The Craft of the Cubes - Rory's Story Cubes®: Actions

The third blog in the Rory's Story Cubes® Craft of the Cubes blog series shows another icon from the Actions set, which is inspired by the 100 most used verbs in the English language. This icon represents the verbs Touch and Feel. The challenge in the early drawings for this icon was to place the emphasis on the character’s hands, rather than the face. You can see from the early sketches that an insect using it’s antennae was one possible icon for this combination of verbs. The insect is a cute little critter but the final icon effectively communicates the verbs as intended.

Rory's Story Cubes®: Actions

Monday, 17 August 2015

The Craft of the Cubes - Rory's Story Cubes®: Actions

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The icons that appear on the Rory’s Story Cubes® Actions set were compiled from a list of the 100 most used verbs in the English language.

The icon which represents the verb ‘Steal’ came together very quickly.

The icon is a theatrical depiction of a thief, influenced by the illustrator, Rory O’Connor’s sense of humour.

This character who appears to be moving away from the scene of the crime with a box of gold, is a great element to add to any story and is a favourite among storytellers the world over!

Above you can see the first sketches ever made for this icon, and how the icon evolved from stealing from another icon's pocket to carrying a box of gold.

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Tuesday, 04 August 2015

The Craft of the Cubes - Rory's Story Cubes®:Originals




Many players of Rory’s Story Cubes® have asked how the icons on the cubes are selected and illustrated. In this weekly blog series you will get a sneak peak into the history of the icons.

The process of selecting icons is meticulous. Each icon is just 15mm or two thirds of an inch in diameter, which is just a little bigger than the top of your index finger! Think about how many different ways you have interpreted each icon. So many different meanings can come from such a small space. That is why every part of that space really has to work hard to convey meaning. Some of the icons on the first set of Rory’s Story Cubes® went from an initial sketch to being fully finished in a matter of hours while others took a number of days or even a week to complete!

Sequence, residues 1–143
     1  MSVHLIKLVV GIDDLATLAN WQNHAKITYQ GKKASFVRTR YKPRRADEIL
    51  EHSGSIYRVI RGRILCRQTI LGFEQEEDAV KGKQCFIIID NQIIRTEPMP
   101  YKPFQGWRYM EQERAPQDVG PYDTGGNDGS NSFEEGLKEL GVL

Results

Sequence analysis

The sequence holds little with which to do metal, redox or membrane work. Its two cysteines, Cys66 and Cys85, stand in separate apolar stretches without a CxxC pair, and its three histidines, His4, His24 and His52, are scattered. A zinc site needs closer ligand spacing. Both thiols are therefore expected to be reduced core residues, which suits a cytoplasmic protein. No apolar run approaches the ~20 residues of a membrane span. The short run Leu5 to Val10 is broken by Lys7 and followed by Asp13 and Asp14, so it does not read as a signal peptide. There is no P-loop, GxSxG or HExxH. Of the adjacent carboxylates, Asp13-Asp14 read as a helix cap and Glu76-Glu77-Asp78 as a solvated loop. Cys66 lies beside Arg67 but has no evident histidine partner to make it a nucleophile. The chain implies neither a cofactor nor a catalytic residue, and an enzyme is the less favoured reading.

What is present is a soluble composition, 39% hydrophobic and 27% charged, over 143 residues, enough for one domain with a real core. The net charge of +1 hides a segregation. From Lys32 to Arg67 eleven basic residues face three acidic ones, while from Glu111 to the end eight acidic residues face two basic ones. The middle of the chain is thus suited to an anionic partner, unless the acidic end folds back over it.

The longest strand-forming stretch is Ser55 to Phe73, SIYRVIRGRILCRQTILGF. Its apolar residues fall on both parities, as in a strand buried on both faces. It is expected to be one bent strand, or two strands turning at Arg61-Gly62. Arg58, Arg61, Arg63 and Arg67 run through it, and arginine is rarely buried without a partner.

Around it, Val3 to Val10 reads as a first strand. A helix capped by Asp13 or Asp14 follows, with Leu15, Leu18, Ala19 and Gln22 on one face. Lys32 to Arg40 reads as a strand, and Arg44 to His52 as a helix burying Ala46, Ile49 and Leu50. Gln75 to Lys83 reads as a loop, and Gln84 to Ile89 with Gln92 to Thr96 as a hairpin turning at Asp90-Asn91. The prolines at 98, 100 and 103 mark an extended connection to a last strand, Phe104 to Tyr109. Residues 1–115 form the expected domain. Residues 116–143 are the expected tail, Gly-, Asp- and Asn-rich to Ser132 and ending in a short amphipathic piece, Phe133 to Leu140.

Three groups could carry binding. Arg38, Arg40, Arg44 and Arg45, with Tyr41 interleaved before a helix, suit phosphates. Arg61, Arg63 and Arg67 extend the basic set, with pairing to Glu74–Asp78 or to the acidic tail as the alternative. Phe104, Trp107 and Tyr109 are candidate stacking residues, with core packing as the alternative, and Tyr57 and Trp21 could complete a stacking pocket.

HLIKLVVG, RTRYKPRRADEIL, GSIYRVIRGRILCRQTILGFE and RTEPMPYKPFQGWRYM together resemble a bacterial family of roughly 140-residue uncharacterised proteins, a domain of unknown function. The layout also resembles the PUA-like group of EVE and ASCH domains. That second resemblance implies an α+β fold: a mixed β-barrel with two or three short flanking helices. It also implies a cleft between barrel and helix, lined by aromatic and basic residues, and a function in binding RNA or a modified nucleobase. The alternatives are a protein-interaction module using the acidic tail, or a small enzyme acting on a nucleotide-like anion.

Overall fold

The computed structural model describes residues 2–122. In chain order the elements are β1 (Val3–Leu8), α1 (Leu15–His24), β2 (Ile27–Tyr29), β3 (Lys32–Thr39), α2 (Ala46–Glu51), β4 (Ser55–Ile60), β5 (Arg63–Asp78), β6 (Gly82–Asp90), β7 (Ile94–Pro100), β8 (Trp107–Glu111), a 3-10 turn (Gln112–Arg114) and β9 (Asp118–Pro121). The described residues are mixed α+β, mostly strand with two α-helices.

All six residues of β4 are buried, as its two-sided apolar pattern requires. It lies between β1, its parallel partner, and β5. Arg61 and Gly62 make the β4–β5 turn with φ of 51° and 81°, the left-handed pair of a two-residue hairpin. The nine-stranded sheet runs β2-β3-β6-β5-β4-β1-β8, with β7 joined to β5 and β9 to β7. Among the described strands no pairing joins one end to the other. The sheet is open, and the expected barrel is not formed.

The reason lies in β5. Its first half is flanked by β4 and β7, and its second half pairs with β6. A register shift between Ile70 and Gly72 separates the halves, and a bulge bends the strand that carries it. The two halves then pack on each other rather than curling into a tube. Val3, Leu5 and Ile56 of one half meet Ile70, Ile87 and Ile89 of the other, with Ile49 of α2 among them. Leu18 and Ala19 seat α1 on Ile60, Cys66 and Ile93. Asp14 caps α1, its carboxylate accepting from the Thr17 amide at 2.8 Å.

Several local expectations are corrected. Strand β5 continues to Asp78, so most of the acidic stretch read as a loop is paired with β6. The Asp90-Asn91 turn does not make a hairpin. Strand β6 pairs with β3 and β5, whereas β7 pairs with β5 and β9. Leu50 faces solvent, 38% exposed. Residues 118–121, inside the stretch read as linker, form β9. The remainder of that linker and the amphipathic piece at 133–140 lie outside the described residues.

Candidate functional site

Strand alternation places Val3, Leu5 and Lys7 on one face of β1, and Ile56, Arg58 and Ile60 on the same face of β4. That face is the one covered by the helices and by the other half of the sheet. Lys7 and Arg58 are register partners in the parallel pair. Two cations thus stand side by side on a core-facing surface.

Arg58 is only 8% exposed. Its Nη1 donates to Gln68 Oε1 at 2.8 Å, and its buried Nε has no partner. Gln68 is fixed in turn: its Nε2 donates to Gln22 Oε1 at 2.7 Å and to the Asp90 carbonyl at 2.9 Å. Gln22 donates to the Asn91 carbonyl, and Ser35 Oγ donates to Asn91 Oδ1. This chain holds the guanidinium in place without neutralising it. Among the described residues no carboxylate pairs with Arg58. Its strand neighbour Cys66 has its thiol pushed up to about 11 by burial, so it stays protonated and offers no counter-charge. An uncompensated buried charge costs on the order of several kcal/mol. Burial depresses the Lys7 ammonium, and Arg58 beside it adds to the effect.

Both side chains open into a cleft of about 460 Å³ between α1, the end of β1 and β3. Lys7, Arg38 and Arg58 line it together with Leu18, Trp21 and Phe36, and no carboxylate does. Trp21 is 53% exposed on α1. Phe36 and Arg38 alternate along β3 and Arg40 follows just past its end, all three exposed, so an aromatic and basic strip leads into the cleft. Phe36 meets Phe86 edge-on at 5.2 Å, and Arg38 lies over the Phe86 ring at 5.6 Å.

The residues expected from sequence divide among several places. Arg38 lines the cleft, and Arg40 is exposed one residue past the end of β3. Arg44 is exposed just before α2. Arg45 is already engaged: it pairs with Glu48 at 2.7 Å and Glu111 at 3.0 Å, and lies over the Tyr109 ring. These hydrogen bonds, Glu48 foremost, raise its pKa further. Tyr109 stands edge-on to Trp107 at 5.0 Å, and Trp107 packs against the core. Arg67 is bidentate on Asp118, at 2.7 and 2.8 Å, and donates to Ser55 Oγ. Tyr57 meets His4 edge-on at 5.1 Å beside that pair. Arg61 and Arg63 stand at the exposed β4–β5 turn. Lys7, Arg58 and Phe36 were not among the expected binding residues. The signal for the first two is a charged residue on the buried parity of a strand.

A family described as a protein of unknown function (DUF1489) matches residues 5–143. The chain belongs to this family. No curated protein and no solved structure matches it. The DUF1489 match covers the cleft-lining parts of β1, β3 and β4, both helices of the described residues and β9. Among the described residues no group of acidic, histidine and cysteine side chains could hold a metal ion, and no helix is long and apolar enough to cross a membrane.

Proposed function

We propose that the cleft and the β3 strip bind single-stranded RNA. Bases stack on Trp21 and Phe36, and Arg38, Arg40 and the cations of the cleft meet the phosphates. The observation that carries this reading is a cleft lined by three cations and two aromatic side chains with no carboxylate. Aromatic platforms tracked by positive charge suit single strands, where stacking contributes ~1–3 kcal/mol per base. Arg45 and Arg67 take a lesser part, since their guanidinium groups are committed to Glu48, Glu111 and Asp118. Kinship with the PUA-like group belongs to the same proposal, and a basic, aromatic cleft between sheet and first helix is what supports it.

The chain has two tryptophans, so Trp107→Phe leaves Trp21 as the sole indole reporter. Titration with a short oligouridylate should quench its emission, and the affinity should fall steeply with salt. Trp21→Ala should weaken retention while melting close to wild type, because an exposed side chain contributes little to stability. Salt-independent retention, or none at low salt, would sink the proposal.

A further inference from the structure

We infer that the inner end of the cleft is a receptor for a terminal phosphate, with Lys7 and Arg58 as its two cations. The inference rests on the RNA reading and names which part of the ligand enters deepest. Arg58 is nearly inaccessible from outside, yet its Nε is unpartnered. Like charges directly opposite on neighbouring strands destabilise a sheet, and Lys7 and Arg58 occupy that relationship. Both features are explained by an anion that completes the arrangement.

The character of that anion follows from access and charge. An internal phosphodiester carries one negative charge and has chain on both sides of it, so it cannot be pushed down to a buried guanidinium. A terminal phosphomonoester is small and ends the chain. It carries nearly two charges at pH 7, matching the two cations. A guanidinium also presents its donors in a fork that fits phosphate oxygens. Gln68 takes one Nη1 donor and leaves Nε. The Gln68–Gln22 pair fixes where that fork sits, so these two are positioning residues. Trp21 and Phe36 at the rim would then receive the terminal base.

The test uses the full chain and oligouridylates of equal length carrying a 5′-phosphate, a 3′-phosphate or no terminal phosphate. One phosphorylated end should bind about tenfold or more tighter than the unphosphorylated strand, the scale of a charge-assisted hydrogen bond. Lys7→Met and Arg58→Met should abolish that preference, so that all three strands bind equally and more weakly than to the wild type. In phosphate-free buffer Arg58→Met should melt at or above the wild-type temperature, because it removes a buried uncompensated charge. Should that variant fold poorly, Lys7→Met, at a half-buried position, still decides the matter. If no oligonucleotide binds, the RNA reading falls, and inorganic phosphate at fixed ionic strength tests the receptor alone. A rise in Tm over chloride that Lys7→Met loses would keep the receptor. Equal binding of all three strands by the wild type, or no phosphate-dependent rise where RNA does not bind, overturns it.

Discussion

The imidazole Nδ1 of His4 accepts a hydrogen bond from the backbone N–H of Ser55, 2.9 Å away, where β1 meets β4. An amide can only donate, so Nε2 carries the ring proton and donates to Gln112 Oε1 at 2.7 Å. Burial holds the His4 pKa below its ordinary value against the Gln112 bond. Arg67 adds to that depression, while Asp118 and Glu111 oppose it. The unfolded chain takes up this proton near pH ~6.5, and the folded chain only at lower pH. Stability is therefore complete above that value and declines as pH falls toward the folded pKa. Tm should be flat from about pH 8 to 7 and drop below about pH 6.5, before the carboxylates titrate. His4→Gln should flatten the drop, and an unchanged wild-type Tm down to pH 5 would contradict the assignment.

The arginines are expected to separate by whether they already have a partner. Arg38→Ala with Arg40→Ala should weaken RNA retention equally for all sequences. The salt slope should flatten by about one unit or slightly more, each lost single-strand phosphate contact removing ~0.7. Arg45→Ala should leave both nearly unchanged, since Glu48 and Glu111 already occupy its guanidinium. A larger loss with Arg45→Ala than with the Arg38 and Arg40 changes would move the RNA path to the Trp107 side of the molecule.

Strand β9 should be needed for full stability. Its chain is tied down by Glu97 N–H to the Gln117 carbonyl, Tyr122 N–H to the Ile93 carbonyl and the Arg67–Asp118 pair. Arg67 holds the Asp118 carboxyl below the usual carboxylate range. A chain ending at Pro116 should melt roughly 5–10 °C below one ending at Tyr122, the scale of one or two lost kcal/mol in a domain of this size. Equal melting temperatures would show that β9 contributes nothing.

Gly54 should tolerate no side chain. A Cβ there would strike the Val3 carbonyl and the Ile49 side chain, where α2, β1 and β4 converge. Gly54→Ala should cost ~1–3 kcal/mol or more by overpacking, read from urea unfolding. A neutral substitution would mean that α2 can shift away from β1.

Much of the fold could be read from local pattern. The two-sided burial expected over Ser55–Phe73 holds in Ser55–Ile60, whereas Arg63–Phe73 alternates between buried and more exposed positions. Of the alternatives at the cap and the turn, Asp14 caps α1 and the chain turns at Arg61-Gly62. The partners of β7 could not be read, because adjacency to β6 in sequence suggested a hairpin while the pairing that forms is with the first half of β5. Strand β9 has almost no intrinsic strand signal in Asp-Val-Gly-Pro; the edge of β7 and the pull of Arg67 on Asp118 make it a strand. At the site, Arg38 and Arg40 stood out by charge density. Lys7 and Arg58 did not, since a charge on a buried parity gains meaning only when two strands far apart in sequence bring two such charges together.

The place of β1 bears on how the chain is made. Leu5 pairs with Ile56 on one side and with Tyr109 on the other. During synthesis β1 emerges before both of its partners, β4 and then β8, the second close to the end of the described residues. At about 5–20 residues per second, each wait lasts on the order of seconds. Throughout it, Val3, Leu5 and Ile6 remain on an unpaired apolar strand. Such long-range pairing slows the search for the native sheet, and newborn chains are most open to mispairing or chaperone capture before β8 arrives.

‘L’ Icon

This icon represents an ‘L’ plate. An ‘L’ plate is a sticker which people learning to drive in Ireland and the UK must display on their car. Rory was surprised after Rory Story Cubes®: Originals were released in countries around the world that the icon was interpreted very differently to how he had intended. It has been interpreted as being an L shaped or large corner sofa, a room plan and also to indicate learning or a ‘learner’, which is not far from the original interpretation. As Rory’s Story Cubes®: Originals became more popular in countries around the world Rory became conscious that all the new icons should be well understood. The ‘L’ icon is still included in the sets to celebrate that the cubes were originally designed in Ireland.


Bee

This icon is of a bee - I think it is one of the easiest icons to add to a story. The bee has very clear human characteristics. It is one of the first animal icons added to the originals set, animals became a recurring theme later in the sets. As the sets developed Rory realised more and more how effective animals are in storytelling, he tries to add one to each set of Rory’s Story Cubes®.